Radio Brexit: We Spent An Hour Listening To The Station That Only Plays British Music

If you liked Brexit, but thought it lacked a decent soundtrack, you are in luck. If you like music that’s not, for example, 90s jazz-pop enthusiasts Curiosity Killed The Cat, you are not.

Yes, this is the news of Union Jack, a radio station that resolves to only play music recorded by British artists. It has been launched by the team behind Absolute Radio and cuts out literally all American hip-hop, European pop and any other non-UK music that might be considered good times. Instead, the station’s oddly numerically specific target audience of 40-to-54 year-olds will be fed a hearty diet of Tom Odell, Jake Bugg, Biffy Clyro and Richard Ashcroft. The aural equivalent of being fed a black pudding by a dinner lady in a motorway café while a bulldog pisses on your leg. It was also promised there’d be no DJ, just songs chosen by Union Jack’s patriotic listeners. It launched at 11am this morning, so we tuned in, bugged out and kept it British.

30 seconds in


The station’s maiden broadcast is heralded by chiming bells and a cockerel crowing, before a bloke with a stiff-upper-lip sputters: “Britain, a small but mighty nation… Britain, built on pork pies and pasties.” It’s an ironic, pre-recorded audio clip, in-keeping with Union Jack’s vow to avoid “irritating” DJs. There are also clips from TV news reports on the 2012 Olympics, snippets of Fawlty Towers and a gag about “Tom Daley’s tight speedos” and “Mary Berry’s soggy bottom” making Britain Great. In other words, a moodboard from the mind of Nigel Farage.

One minute in

What the fuck is this? There is literally a DJ talking. He hasn’t announced himself or given his name, perhaps hoping that we won’t notice – but we have noticed him, readers. He is here, on the radio, talking with his mouth, like a DJ might. “This is the only radio station in the universe that only plays the best of British music,” he says. There may well be a reason for that.

Two minutes in

We open with ‘Good Morning Britain’ by Aztec Camera and Mick Jones, a song that reached number 19 in 1990. An underwhelming start.

Five minutes in

That last track was chosen by Union Jack. Anything hereafter will come courtesy of the station’s listeners, who put the request in using a button on its app or a weird feature called ‘Backchat’ where listeners record a voice clip of their request and send it in. The very first request on Union Jack: ‘Don’t Turn Around’ by 80s reggae group Aswad. Well, it beats Tom Odell (which is a tempting prospect all round).

10 minutes in


Oh my fuck, they’re playing Erasure. Union Jack has unleashed ‘A Little Respect’. This is amazing. I’ve removed my shirt and I’m dancing at my desk. Keep Britain great! I’m so in love with you!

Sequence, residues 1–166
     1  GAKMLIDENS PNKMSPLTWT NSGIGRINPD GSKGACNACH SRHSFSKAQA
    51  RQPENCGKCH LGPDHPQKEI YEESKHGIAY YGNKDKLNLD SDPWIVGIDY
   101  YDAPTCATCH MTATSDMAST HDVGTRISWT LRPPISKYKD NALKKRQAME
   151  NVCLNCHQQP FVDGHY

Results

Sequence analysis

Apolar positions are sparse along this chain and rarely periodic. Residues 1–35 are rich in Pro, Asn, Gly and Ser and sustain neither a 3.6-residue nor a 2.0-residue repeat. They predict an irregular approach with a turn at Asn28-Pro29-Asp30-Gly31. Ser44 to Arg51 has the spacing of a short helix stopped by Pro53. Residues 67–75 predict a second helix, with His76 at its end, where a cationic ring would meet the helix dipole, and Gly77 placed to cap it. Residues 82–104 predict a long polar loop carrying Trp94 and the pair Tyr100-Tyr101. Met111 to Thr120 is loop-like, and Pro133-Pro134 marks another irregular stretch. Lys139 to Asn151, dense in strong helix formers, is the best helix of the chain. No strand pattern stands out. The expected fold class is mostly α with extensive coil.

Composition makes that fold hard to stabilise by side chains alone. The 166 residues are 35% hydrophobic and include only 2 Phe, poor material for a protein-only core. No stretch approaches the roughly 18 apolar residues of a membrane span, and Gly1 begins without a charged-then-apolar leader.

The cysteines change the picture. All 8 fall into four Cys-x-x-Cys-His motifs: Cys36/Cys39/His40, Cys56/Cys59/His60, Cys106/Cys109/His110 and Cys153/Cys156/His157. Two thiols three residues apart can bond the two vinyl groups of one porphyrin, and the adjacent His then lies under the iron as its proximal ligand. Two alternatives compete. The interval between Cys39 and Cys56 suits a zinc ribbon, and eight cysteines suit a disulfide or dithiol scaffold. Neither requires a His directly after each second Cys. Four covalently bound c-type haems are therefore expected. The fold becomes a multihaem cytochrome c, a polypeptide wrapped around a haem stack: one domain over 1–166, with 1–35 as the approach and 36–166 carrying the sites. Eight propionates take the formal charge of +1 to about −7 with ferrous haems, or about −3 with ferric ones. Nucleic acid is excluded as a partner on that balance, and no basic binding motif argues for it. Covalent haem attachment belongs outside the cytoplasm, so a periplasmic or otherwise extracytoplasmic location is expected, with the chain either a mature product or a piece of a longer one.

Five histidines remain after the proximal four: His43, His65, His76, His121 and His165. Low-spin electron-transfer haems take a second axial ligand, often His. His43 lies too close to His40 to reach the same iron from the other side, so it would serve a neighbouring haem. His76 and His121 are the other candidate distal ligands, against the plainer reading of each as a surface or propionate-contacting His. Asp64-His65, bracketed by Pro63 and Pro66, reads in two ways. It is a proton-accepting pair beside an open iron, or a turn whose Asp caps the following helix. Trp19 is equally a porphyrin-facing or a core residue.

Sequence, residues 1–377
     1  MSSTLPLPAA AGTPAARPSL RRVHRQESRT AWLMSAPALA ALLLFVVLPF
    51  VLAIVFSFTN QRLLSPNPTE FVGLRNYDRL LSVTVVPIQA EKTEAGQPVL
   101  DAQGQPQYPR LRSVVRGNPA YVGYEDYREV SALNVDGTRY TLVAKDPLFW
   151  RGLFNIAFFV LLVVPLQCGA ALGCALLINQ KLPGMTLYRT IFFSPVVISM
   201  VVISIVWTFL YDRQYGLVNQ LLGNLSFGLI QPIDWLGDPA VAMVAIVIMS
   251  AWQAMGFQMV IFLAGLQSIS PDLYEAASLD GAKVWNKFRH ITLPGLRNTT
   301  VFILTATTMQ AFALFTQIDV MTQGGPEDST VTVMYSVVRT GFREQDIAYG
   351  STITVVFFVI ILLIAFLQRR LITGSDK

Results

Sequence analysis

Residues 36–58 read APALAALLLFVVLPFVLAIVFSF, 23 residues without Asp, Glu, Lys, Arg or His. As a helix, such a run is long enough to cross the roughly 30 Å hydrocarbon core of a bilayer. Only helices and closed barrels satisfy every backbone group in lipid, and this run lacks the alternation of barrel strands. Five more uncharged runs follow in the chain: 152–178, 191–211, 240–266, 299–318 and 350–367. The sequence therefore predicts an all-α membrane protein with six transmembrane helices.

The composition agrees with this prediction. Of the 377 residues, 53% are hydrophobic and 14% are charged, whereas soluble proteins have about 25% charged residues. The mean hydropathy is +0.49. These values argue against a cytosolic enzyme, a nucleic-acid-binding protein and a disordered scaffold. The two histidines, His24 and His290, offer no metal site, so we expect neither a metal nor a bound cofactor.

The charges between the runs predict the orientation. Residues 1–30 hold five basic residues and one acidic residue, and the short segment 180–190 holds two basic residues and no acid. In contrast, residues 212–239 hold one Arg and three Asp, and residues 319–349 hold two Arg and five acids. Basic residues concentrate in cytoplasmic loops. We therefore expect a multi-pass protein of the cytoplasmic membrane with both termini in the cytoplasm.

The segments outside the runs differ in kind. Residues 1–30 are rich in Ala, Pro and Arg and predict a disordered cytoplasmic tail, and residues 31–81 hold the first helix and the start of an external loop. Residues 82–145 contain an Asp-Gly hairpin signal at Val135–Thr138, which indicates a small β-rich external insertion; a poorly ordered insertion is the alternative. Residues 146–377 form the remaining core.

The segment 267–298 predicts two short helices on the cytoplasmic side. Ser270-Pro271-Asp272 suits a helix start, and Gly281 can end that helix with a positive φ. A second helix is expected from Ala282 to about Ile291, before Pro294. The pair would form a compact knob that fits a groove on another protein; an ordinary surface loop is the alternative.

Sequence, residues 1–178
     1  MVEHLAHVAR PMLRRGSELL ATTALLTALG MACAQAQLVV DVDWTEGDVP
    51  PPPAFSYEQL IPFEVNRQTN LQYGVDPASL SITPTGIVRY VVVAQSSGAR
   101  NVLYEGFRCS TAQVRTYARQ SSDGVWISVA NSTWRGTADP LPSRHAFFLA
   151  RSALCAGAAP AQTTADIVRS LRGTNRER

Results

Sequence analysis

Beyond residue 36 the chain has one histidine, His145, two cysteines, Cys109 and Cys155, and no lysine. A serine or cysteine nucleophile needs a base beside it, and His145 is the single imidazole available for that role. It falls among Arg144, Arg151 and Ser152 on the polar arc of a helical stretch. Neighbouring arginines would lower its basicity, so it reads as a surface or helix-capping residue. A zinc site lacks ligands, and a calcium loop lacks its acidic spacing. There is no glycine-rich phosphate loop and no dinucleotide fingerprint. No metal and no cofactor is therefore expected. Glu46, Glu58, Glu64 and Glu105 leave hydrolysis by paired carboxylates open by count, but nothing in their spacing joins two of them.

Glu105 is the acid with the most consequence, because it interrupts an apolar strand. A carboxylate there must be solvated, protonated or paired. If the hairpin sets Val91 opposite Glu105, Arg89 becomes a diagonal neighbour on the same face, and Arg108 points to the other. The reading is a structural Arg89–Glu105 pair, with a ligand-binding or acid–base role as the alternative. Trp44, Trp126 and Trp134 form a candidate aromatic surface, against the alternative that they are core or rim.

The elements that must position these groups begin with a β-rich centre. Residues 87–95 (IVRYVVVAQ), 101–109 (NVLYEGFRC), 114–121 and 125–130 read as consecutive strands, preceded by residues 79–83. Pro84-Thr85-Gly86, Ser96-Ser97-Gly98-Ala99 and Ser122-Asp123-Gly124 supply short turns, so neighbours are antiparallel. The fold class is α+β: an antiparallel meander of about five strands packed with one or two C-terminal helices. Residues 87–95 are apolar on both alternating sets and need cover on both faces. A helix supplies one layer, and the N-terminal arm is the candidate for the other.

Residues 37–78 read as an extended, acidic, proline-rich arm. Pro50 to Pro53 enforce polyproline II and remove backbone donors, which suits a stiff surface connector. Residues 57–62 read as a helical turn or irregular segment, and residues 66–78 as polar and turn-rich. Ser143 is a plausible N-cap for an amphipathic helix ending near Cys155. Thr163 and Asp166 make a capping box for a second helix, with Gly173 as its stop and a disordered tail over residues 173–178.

14 minutes in

It’s all too much. Hot on the heels of Erasure: only bloody Oasis! ‘Little By Little’ might not be the best Oasis song, but, by God, it’s going to take a lot to convince me to put my shirt back on like HR have requested.

19 minutes in

The anonymous DJ is playing ‘Backchats’ recorded by his children, which is certainly taking the shine off the Erasure/Oasis two-punch.

24 minutes in

The UK producer Draper’s ‘Break Over You’, which was released earlier this year but sounds like a ringtone from 2004, is followed by ‘So Lonely’ By The Police. The songs are punctuated by a pre-recorded comedy voice-over that assures listeners that listening to the station is as British as “eating a Full English at two in the morning”, which is also known as a nervous breakdown.

31 minutes in

Time now for ‘Twist and Shout’ by 90s Scottish rockers Deacon Blue. The not-DJ crows: “I know I would say this – but I love Union Jack. Deacon Blue, ‘Twist And Shout’ – where has that been?” The answer, of course, is that it’s been wrapped up in a handkerchief in Alan Partridge’s breast pocket since 1991.

36 minutes in

This is possibly as good as Union Jack is ever going to get. It’s ‘Common People’ by Pulp. Increasingly convinced we should start a station that only plays Pulp, and call it Radio Jarvis.

40 minutes in

It can only be downhill from here. And so it is: ‘Down To Earth’ by Curiosity Killed the Cat and ‘Don’t Stop Me Now’ by Queen, which the DJ – who, remember, doesn’t exist – talks over. This is followed by ‘Out Of My Body’ by Richard Ashcroft, one of only two songs from the last decade that have been played.

49 minutes in

The public has requested ‘This Charming Man’ by The Smiths and I have, once again, removed my shirt. The accumulative effect of Erasure, Oasis, Pulp and The Smiths is reason to believe that maybe Union Jack is the best radio station ever invented.

53 minutes in

It’s ‘Hey Jude’. They’re playing ‘Hey Jude’. It’s enough to make you float a flotilla along the Thames.

The end

‘Hey Jude’ is so long that it pretty much brings us to the end of the first hour of Union Jack, a radio station that steadfastly refuses to draw on the rich cultural heritage that the world has gifted us with. It’s tempting, what with all the amazing music that’s been played, to get behind the idea. But we must remember that, in the midst of this, the public requested Deacon Blue and Curiosity Killed The Cat. It could have been Kanye. It could have been Italo disco. It could have been so much better. The Union Jack listening public has denied itself a great deal of pleasure here, which only goes to show that arbitrary cultural exclusion makes us all poorer. That bit with Oasis and Erasure was fucking great, though.